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  President’s Desk Column

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Organized medicine and pathology: Mosaic or oxymoron?

August 2001
Paul Bachner, MD

I am writing this column en route to the July 25-28 annual meeting of the Association of Pathology Chairs, which I attend in my role as CAP president. Later this week I will be in Chicago moderating the CAP’s Pathology Practice Management Seminar 2001, cosponsored by the American Pathology Foundation, Clinical Laboratory Management Association, and Medical Group Management Association. During the past six months, I attended the annual meeting of the U.S. and Canadian Academy of Pathology, a meeting of the board of directors of the American Society of Clinical Pathologists, the annual American Medical Association meeting, and the annual AMA leadership conference. This travel odyssey reflects the College’s commitment to collaborative relationships that will improve the quality of laboratory medicine and support common goals of organized medicine and pathology.

When I speak to residents and other groups about the organization of pathology and medicine-which I will in an Aug. 14 Virtual Management College teleconference-I try to identify the reasons pathologists choose to belong to the College and other pathology and medical organizations. Membership surveys tell us CAP members look to the College first and foremost for advocacy, because they recognize that the College is the largest and most effective organization that represents exclusively the interests of pathologists and patients. Of course, the CAP also provides members with educational opportunities, particularly in practice management, and is recognized as the primary source of laboratory improvement programs worldwide.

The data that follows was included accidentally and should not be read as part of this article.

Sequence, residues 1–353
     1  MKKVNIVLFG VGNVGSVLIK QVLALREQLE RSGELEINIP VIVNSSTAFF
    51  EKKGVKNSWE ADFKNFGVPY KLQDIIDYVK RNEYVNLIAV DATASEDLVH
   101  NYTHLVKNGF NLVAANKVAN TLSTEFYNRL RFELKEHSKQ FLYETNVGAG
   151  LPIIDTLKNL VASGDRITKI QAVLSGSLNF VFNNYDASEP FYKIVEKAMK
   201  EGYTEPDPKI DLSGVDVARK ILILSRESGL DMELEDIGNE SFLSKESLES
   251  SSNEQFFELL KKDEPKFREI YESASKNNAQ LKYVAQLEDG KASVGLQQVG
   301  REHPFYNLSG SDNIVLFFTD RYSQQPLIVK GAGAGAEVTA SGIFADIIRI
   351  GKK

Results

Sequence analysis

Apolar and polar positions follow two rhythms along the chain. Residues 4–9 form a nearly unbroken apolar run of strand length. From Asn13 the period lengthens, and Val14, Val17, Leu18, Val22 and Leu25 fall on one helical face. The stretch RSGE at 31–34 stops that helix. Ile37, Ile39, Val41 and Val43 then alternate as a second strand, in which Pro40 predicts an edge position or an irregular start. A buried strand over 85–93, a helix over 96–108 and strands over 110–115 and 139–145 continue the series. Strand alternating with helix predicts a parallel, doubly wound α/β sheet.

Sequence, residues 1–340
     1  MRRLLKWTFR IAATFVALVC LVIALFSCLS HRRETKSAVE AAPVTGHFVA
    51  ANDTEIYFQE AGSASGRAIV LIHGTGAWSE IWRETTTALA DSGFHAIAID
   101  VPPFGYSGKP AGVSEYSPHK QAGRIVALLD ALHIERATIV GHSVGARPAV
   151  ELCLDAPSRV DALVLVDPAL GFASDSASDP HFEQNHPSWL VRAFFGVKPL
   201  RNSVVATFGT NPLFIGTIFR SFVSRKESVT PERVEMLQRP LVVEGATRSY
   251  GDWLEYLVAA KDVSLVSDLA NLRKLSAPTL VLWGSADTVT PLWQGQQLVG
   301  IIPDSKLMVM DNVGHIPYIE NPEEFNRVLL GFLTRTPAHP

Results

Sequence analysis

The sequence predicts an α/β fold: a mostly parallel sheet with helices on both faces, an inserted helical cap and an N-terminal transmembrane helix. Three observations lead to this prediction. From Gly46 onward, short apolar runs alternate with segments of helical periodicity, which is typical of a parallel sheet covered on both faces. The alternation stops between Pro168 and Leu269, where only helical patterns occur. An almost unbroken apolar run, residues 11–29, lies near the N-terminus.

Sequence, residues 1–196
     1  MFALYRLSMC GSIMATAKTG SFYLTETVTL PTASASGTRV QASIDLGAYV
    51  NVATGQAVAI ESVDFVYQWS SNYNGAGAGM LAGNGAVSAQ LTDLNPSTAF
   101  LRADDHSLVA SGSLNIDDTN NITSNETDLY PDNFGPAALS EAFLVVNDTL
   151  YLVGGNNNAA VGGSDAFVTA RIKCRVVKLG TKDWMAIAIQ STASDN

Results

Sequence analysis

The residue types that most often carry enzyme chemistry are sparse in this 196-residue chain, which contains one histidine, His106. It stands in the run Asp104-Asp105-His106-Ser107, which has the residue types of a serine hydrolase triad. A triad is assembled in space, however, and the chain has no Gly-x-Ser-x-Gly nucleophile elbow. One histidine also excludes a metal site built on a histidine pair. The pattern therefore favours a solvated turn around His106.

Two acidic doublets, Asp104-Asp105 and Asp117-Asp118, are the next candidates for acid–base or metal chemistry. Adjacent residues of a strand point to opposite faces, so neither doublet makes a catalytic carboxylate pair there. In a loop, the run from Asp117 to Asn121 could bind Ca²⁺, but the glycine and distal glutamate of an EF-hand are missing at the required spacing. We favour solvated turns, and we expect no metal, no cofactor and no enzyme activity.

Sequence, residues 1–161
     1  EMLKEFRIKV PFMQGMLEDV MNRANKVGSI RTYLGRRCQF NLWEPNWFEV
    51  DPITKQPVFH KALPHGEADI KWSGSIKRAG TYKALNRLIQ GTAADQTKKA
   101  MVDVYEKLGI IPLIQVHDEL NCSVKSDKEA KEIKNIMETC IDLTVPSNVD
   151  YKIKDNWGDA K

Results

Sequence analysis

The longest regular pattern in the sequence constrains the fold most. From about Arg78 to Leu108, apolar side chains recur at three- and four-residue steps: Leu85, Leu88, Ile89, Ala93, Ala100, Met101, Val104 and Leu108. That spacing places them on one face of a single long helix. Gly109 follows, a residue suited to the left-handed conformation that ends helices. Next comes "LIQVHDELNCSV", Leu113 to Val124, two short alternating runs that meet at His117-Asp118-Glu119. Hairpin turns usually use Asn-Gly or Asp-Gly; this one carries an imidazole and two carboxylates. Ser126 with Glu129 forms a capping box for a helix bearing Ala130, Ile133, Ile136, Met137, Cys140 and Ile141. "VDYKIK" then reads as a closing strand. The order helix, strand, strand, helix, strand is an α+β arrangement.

This multiplicity of pathology and laboratory medicine organizations-an alphabetic challenge to all-reflects the vitality and enormous variety of pathologists’ clinical and scientific interests, practice environments, and areas of specialization. Most pathologists are "splitters" and not "lumpers," and though the complexity and apparent redundancy of our organizations may seem excessive, the mosaic ensures that the professional and advocacy needs of specialty areas are met and that they can be identified, articulated, and brought to the attention of larger organizations with greater resources, such as the College.

Of course, the downside of the large number of organizations representing pathologists is the potential for redundancy and conflict. During the recent negotiations over the complex patients’ bill of rights issue, the College and another society advocated alternative legislative positions in Washington. Fortunately, discussions at the Board and leadership levels resolved this in a manner that allowed for pathology to ultimately advance a united position to congressional leaders and staff. Differences in goals, societal cultures, and categories of members will continue to produce differences in opinions and approaches, particularly since pathologists’ advocacy issues may diverge at times from those of other members of the laboratory medicine community. Nonetheless, the CAP will continue to seek opportunities to cooperate and collaborate with other pathology and laboratory medicine organizations when common goals can be identified and worked toward.